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Publication #FCS8325

Making Jams and Jellies With Added Pectin 1

United States Department of Agriculture, Extension Service2

Fresh fruits and juices as well as commercially canned or frozen fruit juice can be used with commercially prepared powdered or liquid pectins. The order of combining ingredients depends on the type of pectin used. Complete directions for a variety of fruits are provided with packaged pectin. Jelly or jam made with added pectin requires less cooking and generally gives a larger yield. These products have more natural fruit flavors, too. In addition, using added pectin eliminates the need to test hot jellies and jams for proper gelling. Adding 1/2 teaspoon of butter or margarine with the juice and pectin will reduce foaming. However, these may cause off-flavor in a long-term storage of jellies and jams. Recipes available using packaged pectin include:

Jellies -- Apple, crab apple, blackberry, boysenberry, dewberry, currant, elderberry, grape, mayhaw, mint, peach, plum, black or red raspberry, loganberry, rhubarb, and strawberry.

Jams -- Apricot, blackberry, boysenberry, dewberry, loganberry, red raspberry, youngberry, blueberry, cherry, currant, fig, gooseberry, grape, orange marmalade, peach, pear, plum, rhubarb, strawberry, and spiced tomato.

Be sure to use Mason canning jars, self-sealing two-piece lids, and a 5-minute process (corrected for altitude, as necessary) in boiling water. For more information about jams and jellies see "Preparing Butters, Jams, Jellies, and Marmalades," (FCS 8264).

Purchase fresh fruit pectin each year. Old pectin may result in poor gels. Follow the instructions with each package and the process times recommended in Table 1.

Tables

Table 1. 

Recommended process time for jellies and jam with added pectin in a boiling-water canner.

 

Process Time at Altitudes of

Style of Pack

Jar Size

0-1,000 ft

1,001-

6,000 ft

Above 6,000 ft

Hot

Half-pints

5 min

10

15

*After the process is complete, turn off the heat and remove the canner lid. Wait five minutes before removing jars.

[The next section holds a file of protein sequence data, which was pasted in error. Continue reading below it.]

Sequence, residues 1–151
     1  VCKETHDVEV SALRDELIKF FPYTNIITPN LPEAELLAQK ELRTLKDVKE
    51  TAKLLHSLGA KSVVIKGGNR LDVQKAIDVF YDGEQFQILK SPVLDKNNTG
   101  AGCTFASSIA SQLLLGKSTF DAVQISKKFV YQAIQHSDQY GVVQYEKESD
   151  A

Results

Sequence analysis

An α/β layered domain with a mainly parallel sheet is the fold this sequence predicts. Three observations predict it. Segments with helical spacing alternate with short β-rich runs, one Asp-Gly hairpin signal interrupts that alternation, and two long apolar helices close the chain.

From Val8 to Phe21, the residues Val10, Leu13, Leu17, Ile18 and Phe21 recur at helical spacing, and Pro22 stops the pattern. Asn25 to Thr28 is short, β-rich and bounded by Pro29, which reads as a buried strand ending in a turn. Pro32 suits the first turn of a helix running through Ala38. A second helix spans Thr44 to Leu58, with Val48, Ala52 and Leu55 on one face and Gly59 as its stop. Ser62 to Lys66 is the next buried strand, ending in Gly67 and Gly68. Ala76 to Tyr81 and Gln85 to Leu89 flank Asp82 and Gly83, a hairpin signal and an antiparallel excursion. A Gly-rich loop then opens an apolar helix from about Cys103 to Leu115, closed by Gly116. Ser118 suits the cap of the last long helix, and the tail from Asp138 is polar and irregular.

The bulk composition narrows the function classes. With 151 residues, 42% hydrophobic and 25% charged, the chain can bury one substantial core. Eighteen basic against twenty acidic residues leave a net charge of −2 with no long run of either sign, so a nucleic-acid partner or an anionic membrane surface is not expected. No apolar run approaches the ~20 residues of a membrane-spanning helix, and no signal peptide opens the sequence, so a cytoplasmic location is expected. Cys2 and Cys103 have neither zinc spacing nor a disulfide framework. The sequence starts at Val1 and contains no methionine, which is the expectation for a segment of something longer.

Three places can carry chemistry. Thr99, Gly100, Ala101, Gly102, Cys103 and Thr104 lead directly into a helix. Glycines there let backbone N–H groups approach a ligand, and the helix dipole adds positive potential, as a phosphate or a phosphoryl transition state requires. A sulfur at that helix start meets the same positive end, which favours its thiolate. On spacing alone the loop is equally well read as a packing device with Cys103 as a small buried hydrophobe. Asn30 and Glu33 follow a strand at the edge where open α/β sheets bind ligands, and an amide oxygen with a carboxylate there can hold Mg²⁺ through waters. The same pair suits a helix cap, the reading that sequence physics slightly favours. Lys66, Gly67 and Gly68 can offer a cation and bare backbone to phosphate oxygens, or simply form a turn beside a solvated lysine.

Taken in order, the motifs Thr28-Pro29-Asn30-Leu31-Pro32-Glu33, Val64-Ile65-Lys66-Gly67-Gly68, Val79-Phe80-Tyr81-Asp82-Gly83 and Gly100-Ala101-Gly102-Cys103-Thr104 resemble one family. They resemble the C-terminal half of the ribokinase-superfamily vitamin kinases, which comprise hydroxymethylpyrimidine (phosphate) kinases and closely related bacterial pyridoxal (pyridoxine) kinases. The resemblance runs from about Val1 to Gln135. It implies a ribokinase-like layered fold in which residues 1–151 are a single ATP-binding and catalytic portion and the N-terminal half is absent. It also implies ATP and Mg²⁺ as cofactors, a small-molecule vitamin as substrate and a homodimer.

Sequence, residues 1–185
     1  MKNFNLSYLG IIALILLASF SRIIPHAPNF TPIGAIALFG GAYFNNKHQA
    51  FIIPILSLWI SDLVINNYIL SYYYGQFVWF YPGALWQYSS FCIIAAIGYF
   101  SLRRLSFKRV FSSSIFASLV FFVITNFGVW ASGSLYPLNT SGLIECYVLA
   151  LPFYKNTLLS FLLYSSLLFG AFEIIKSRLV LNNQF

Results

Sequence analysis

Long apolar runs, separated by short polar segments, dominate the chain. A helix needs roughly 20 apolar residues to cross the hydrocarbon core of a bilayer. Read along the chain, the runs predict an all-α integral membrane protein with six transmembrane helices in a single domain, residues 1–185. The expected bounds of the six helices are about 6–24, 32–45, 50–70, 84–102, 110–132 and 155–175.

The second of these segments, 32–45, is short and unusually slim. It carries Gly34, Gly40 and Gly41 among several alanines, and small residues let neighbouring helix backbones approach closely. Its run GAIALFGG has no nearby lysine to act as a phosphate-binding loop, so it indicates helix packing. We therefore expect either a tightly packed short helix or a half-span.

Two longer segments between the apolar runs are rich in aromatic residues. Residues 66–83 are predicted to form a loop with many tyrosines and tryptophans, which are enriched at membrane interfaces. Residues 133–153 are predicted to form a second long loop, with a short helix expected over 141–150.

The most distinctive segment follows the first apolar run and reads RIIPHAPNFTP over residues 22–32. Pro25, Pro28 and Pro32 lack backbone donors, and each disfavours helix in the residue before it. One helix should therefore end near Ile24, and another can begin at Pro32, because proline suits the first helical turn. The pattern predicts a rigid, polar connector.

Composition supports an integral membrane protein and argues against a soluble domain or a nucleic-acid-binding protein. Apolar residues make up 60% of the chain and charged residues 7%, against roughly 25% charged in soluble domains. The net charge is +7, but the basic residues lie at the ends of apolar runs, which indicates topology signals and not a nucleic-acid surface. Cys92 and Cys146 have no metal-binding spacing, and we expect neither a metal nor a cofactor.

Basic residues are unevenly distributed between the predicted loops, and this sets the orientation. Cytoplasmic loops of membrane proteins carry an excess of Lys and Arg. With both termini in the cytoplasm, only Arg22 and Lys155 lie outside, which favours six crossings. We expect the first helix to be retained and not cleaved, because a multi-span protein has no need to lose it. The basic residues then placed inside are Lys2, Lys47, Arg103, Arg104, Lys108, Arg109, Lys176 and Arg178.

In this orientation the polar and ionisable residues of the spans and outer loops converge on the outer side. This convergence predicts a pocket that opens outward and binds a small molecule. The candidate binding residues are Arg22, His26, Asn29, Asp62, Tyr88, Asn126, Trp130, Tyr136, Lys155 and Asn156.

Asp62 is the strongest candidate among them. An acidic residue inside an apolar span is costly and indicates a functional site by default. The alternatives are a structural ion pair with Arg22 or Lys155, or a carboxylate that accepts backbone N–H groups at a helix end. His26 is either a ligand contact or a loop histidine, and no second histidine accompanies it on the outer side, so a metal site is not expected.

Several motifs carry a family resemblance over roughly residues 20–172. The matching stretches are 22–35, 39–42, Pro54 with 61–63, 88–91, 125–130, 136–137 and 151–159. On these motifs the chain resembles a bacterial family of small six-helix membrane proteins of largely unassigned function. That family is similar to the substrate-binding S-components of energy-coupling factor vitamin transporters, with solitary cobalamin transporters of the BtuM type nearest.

Footnotes

1.

This document is Fact Sheet FCS 8325, one of a series of the Department of Family, Youth and Community Sciences, Florida Cooperative Extension Service, Institute of Food and Agricultural Sciences, University of Florida. Publication date: May 2003. Revised: August 2005. Reviewed: May 2011. This document was extracted from the Complete Guide to Home Canning, Agriculture Information Bulletin No. 539, USDA. Please visit the EDIS website at http://edis.ifas.ufl.edu.

2.

Reviewed for use in Florida by Amy Simonne, assistant professor, Food Safety and Quality, Department of Family, Youth and Community Sciences, Cooperative Extension Service, Institute of Food and Agricultural Sciences, University of Florida, Gainesville FL 32611.


The Institute of Food and Agricultural Sciences (IFAS) is an Equal Opportunity Institution authorized to provide research, educational information and other services only to individuals and institutions that function with non-discrimination with respect to race, creed, color, religion, age, disability, sex, sexual orientation, marital status, national origin, political opinions or affiliations. For more information on obtaining other UF/IFAS Extension publications, contact your county's UF/IFAS Extension office.

U.S. Department of Agriculture, UF/IFAS Extension Service, University of Florida, IFAS, Florida A & M University Cooperative Extension Program, and Boards of County Commissioners Cooperating. Nick T. Place, dean for UF/IFAS Extension.